World AIDS Day 35: Remember and Commit  
CMS Office of Minority Health (OMH) recognizes World AIDS Day on December 1.

The theme for this 35th commemoration is World AIDS Day 35: Remember and Commit. This message is fitting as we honor those we have lost and collectively commit to exploring innovative strategies and approaches to meet people with HIV where they are, reduce HIV health disparities, and help people with HIV get the care, treatment, and support services they need to optimize their health.

“The Acquired Immunodeficiency Syndrome (AIDS) is the final stage of the Human Immunodeficiency Virus (HIV). In 2021, an estimated 1.2 million Americans were living with HIV, and more than 530,000 individuals were living with AIDS. While HIV and AIDS are present across all populations, HIV disproportionally impacts certain populations, particularly racial and ethnic minorities and gay, bisexual, and other men who have sex with men.”

Please see and utilize the following resources:

  • Visit OMH’s Manage Your Chronic Condition webpage to find resources for patients and providers looking to implement chronic care management for conditions like AIDS.
  • Share Coverage to Care Prevention Resources webpage to learn about preventive services available at no cost under most health coverage. Each resource is available in 8 languages.
  • Review CMS’s HIV and AIDS Resources webpage to find more information about prescription drug coverage through Medicare.
  • Visit to find resources and search your area for testing locations, services, and PrEP treatment.
  • Watch the CDC’s HIV Basics video to learn more about how HIV is transmitted, how to protect yourself from HIV, and how to keep yourself healthy and protect others if you have HIV.
  • Explore the CDC’s HIV Risk Reduction Tool to learn more about HIV and get tailored information about your risk and how to protect yourself.
  • Visit the CDC’s Living with HIV webpage for more information on care and treatment, job resources, mental health treatment, and more.
  • Visit the Health Resources and Services Administration’s Available Care & Services webpage to search for HIV care and support services and find additional information about seeking HIV services and treatment.

Black Hills AIDS Walk
In partnership with community health center Complete Health and local Ryan White Services crew in Rapid City, SD, Jenn Sobolik, CNP, AACRN, AAHIVS, sexual and reproductive health provider initiated the first annual Black Hills AIDS Walk. “We gathered to walk to show our patients that they are seen, heard, and valued – and so much more than their HIV status. Our hope is to raise awareness and decrease stigma in our community.”

If someone is living with HIV, the sooner we find out their status,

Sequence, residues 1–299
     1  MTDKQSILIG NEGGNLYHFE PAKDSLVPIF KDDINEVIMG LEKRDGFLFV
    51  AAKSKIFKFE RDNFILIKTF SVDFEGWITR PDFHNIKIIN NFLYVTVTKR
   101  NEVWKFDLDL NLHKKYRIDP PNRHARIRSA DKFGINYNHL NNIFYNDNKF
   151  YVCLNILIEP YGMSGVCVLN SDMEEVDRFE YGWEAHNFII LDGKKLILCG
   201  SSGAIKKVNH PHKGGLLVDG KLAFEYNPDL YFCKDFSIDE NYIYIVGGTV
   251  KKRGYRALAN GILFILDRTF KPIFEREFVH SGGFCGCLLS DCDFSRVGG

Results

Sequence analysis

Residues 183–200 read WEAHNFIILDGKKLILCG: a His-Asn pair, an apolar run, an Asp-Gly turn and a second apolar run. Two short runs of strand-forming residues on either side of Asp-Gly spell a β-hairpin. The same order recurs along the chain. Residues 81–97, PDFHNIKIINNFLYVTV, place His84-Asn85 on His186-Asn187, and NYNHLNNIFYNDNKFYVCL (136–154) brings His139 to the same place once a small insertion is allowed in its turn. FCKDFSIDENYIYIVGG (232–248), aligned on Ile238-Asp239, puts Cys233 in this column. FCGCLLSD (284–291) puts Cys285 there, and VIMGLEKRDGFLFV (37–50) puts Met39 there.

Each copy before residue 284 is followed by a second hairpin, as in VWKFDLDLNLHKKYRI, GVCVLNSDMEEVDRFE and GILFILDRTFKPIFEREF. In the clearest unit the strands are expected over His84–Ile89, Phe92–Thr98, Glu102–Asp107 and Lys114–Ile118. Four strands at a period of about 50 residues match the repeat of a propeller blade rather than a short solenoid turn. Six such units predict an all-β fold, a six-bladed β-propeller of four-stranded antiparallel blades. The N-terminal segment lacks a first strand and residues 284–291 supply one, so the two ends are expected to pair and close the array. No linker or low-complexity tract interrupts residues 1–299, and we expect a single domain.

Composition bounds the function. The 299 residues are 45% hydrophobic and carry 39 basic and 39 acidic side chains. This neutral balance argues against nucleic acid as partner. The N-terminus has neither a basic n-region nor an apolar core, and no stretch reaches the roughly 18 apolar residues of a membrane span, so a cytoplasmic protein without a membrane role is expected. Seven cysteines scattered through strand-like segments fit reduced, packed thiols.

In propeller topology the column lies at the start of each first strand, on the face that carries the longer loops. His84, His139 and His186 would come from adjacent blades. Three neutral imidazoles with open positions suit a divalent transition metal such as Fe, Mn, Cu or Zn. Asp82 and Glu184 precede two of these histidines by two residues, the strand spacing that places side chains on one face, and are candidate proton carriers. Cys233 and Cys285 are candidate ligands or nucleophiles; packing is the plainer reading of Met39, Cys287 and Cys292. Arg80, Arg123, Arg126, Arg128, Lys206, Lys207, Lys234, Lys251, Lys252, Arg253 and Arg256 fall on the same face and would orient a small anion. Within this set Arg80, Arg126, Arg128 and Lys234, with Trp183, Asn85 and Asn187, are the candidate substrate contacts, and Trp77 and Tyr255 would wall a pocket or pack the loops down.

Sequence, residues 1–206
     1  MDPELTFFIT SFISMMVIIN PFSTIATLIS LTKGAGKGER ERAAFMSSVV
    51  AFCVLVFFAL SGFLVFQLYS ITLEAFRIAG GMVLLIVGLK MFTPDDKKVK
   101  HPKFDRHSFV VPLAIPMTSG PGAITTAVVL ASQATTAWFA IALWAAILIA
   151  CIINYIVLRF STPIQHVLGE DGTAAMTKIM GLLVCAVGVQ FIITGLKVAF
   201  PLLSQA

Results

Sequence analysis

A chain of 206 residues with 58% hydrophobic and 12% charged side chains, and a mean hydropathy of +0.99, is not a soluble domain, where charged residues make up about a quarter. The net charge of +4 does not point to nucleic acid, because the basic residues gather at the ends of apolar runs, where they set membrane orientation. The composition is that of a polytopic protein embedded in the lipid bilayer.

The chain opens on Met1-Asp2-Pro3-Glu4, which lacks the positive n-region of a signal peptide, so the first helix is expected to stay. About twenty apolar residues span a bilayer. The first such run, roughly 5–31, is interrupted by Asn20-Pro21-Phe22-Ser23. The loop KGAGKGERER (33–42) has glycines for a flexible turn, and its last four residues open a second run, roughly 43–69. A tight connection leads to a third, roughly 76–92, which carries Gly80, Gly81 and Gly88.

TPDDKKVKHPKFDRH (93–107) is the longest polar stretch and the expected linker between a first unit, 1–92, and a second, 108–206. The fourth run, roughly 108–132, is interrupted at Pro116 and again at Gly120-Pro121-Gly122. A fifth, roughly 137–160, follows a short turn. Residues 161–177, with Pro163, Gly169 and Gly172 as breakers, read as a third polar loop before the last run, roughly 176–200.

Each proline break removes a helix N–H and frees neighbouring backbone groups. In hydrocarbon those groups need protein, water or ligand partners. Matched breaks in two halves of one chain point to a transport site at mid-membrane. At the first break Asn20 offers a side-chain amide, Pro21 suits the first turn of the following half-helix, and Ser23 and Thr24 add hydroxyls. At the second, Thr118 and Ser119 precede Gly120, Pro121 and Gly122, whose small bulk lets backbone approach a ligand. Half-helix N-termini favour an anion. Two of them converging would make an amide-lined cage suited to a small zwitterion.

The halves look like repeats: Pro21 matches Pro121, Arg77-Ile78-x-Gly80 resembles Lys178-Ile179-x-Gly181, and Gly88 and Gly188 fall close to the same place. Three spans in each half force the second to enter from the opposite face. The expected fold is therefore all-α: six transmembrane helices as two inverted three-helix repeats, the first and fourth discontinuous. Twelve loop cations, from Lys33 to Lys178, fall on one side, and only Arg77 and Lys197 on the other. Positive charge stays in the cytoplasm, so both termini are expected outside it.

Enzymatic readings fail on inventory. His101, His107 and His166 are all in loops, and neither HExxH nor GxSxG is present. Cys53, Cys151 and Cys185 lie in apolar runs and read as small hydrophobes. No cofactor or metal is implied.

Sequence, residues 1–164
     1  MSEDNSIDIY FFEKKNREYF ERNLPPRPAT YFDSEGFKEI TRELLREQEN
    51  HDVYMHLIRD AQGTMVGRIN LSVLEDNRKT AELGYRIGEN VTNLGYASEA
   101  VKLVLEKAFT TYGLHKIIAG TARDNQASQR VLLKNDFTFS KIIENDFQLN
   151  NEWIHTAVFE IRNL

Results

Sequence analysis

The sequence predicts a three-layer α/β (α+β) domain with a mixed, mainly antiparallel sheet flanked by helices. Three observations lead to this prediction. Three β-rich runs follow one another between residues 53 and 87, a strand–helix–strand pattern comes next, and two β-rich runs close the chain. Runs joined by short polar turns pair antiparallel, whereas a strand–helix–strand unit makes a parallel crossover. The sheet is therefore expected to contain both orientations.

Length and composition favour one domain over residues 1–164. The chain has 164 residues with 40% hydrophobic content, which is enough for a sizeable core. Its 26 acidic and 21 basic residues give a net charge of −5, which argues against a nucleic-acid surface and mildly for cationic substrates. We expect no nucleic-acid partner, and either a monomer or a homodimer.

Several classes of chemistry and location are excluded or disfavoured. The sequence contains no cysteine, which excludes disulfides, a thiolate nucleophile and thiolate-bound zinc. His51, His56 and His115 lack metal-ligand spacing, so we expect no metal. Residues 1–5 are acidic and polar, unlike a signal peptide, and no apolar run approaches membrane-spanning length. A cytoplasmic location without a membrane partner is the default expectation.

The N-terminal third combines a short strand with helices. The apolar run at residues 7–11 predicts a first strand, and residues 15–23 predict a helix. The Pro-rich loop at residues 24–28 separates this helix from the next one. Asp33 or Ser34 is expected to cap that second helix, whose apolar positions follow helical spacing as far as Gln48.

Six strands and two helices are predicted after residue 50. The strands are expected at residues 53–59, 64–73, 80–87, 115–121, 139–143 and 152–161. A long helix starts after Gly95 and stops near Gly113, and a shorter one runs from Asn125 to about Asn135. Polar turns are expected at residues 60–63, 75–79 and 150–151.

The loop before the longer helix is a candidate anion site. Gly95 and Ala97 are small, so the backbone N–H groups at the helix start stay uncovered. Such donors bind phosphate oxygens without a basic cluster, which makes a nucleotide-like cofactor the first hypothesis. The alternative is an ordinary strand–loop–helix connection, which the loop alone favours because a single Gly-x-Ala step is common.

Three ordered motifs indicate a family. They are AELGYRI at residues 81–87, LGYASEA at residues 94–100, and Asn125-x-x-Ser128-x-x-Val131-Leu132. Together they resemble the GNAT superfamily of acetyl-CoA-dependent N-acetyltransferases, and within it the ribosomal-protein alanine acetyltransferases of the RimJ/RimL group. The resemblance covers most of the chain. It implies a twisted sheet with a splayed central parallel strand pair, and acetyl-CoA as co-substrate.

the healthier they will be for the rest of their life.

People tend to think that “not very many people in South Dakota are living with HIV.” More than 725 people are living with HIV in our state. However, only 28% of people in our state have ever been tested. This means that 72% of South Dakotans are unaware of their HIV status. As you know, lack of a test result does not mean lack of an infection. It just means they haven’t been tested. Our patients tend to be much more ill than the national average because they are so sick before we even find out they’re positive. This is where your help comes in.
  • EVERY PATIENT needs to be tested for HIV at least once in their life between the ages of 13-64, regardless of actual or perceived risk.
  • Men who have sex with men (MSM) need to be checked every three months unless in a mutually monogamous relationship.
  • The following people should be checked at least yearly:
    • Anyone who has a new or multiple sexual partners
    • Anyone who comes in for STI testing
    • Anyone with syphilis – also recheck an HIV lab at their 90-day follow-up
    • Anyone who injects drugs
    • Anyone who asks for a test, even if you don’t think they need it

HIV should be considered “opt-out testing.” This means it should not be presented as something separate from their regular care. Getting cholesterol checked and never had an HIV test? Get it at the same time and save them a poke.
Please consider an HIV test for any patient with the following:
  • Flu-like symptoms with negative Flu and Covid testing – HIV often presents like Mono with fever, malaise, lymphadenopathy
  • Unexplained weight loss – it’s not just a thyroid thing
  • Recurrent candida infections or oral thrush
  • Rash
  • Oral sores
  • Unexplained skin lesions
  • Fevers, night sweats, chills
Open Enrollment Ends January 15, 2024
Transgender Health Insurance Guide to the Marketplace
Thanks to the Affordable Care Act (ACA), you and your family are protected from discrimination based on sexual orientation or gender identity when you’re exploring, applying for, or enrolling in health insurance coverage. That means access to the gender-affirming care you need & the right to be treated with respect.

Find your state’s Trans Health Insurance Guide at and #GetCovered today at #KnowYourRights

Introduction to the guides and each state's plan documents are available here.
Upcoming Events
HIV/STI/TB/Viral Hepatitis Lunch and Learn | January 24, 2024, 12:00 pm CT/11:00 am MT
Register here.

Jenn Sobolik will be presenting on HIV and Aging.

For more information about the Lunch and Learn series or past webinar recordings, visit
The Mountain West AIDS Education and Training Center (MWAETC) program is supported by the Health Resources and Services Administration (HRSA) of the U.S. Department of Health and Human Services (HHS) as part of an award totaling $3,333,289 with 0% financed with non-governmental sources. The content in this presentation are those of the author(s) and do not necessarily represent the official views of, nor an endorsement, by HRSA, HHS, or the U.S. Government.

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